DNA Recovery After Sequential Processing of Latent Fingerprints on Black Polyethylene Plastic

DNA Recovery After Sequential Processing of Latent Fingerprints on Black Polyethylene Plastic


Journal of Forensic Sciences, February 2024 


Abigail S. Bathrick | Bode Technology 
Sarah Norsworthy | RTI International 
Dane T. Plaza | Bode Technology 
Mallory N. McCormick | United States Secret Service 
Donia Slack | RTI International 
Robert S. Ramotowski | United States Secret Service 


Latent fingerprints on plastic substrates can be visualized by using sequential treatments to enhance the contrast between the fingerprint residues and underlying substrate; however, the extent to which these processes affect subsequent DNA analysis is mostly unknown. Latent fingerprints deposited on black plastic by one donor were visualized with single-process fingerprint powders (i.e., white powder, bichromatic powder, or bichromatic magnetic powder) or sequential treatments (i.e., laser → reflected ultraviolet imaging system (RUVIS) → CA fuming → RUVIS → Rhodamine 6G, Ardrox, and MBD (RAM) or CA fuming → RAM/laser → bichromatic magnetic powder). Samples were examined after the addition of each treatment. DNA was collected using cotton swabs, extracted, quantified, and amplified. DNA yields, peak heights, number of alleles obtained, and percentage of DNA profiles eligible for CODIS upload were examined. Latent fingerprints processed with the laser and up to three sequential treatments generated DNA profiles with significantly higher peaks heights than those of the untreated samples. Fingerprints processed with the laser and up to two sequential treatments generated DNA profiles with significantly more alleles. All methods beginning with laser enhancement generated more CODIS-eligible profiles. Additional research is needed to determine the extent to which initial laser enhancement impacts the success of downstream DNA profiling results. Although DNA profile development is not guaranteed due to the variable quantities of DNA contained within latent fingerprints, the selection of an appropriate latent fingerprint visualization method could maximize both fingerprint detection and the generation of CODIS-eligible DNA profiles.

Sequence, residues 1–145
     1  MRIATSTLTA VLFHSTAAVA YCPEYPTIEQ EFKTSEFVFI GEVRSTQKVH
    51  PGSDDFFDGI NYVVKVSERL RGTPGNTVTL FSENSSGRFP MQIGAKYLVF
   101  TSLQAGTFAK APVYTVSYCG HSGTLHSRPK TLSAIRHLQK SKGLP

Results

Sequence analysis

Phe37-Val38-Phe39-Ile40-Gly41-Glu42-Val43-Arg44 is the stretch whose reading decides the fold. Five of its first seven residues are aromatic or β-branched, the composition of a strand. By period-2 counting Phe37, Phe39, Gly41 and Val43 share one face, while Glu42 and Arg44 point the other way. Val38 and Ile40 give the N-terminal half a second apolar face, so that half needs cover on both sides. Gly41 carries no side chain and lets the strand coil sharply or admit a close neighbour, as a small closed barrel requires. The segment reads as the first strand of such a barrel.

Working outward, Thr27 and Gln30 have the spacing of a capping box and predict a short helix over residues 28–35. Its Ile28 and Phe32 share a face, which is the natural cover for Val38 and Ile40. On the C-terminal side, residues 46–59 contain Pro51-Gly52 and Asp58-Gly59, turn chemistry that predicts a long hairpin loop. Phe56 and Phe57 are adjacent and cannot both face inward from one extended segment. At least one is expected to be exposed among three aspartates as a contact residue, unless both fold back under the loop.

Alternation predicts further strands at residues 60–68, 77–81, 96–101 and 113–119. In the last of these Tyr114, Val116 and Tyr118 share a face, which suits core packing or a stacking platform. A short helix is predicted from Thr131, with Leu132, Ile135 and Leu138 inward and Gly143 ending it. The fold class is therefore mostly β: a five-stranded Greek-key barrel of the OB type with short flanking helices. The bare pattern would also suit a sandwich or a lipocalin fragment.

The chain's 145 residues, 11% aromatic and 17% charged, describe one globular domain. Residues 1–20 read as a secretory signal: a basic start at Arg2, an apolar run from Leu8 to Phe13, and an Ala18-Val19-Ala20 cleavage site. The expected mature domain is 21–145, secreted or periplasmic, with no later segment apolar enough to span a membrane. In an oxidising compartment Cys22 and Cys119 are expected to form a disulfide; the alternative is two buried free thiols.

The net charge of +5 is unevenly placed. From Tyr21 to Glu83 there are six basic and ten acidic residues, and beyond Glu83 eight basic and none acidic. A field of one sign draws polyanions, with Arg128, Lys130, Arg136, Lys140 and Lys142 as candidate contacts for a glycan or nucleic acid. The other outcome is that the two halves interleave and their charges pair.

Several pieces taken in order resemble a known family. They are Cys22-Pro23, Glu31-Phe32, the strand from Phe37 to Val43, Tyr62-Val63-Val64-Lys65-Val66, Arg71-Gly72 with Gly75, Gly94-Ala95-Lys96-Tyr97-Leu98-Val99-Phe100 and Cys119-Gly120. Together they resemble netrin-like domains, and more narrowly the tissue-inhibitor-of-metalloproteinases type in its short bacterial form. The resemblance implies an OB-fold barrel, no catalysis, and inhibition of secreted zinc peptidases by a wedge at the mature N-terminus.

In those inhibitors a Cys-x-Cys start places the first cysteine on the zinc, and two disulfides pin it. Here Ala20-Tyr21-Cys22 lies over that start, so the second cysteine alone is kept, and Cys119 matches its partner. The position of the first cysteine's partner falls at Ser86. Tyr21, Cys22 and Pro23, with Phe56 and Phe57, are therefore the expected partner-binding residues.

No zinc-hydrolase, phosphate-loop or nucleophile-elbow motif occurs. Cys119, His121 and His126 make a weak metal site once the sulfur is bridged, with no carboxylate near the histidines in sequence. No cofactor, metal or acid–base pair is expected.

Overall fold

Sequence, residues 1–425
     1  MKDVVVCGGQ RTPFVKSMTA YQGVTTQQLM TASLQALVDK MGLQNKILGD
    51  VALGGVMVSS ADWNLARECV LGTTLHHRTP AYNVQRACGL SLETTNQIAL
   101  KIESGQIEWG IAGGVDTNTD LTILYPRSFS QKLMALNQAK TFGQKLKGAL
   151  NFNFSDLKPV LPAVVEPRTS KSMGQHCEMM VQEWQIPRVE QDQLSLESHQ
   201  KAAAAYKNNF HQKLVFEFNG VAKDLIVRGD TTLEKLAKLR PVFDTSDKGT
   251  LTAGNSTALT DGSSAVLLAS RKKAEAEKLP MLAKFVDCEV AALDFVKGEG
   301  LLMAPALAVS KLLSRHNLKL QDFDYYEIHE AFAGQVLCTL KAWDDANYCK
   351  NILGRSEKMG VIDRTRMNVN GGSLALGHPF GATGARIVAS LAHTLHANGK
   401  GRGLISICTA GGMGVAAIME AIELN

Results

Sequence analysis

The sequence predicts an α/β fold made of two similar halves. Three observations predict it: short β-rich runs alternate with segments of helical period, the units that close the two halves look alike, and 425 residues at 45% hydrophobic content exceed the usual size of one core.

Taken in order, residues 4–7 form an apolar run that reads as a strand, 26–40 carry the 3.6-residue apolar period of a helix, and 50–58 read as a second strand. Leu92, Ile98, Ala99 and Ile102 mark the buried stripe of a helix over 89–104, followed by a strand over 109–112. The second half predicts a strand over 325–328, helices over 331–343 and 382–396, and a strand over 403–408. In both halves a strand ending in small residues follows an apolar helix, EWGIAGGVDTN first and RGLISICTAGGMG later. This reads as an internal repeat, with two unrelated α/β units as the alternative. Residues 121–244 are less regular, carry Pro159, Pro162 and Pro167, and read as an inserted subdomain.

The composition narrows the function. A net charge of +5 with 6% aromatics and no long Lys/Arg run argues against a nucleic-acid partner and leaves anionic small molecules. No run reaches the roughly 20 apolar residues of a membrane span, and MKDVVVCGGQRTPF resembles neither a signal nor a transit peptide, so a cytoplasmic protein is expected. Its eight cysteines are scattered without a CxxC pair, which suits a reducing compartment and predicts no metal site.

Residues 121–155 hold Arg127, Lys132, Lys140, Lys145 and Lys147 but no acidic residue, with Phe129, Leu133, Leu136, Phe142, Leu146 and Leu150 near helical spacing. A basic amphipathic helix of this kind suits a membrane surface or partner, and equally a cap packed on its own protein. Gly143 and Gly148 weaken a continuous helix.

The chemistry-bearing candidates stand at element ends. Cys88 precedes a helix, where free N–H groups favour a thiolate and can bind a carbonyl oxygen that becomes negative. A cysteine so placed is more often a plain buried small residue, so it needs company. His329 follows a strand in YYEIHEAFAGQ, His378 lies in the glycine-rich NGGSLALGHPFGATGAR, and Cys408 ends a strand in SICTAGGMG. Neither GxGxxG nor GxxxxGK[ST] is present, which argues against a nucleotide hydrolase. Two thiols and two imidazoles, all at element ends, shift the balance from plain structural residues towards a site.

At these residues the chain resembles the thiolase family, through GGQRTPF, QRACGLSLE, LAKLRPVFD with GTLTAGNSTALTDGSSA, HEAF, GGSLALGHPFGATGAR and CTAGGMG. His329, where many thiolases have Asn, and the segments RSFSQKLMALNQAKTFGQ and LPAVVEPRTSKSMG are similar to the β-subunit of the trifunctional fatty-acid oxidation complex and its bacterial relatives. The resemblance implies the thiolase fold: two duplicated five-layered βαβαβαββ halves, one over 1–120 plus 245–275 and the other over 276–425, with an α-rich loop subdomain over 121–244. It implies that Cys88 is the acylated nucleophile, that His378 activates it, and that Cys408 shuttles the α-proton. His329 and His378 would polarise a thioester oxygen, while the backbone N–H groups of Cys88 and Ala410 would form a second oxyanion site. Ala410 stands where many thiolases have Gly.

Funding for this Forensic Technology Center of Excellence article was provided by the National Institute of Justice, Office of Justice Programs, U.S. Department of Justice. 

The opinions, findings, and conclusions or recommendations expressed in this report are those of the author(s) and do not necessarily reflect those of the U.S. Department of Justice. 

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